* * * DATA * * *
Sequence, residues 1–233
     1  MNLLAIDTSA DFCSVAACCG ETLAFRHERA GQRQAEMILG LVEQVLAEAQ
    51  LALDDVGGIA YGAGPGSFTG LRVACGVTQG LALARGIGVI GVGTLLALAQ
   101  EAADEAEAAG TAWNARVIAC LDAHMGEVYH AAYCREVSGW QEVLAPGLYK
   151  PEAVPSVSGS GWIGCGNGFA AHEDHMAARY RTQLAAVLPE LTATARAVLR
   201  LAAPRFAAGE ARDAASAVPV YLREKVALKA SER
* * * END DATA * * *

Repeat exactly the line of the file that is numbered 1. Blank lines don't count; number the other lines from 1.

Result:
Sequence, residues 1–233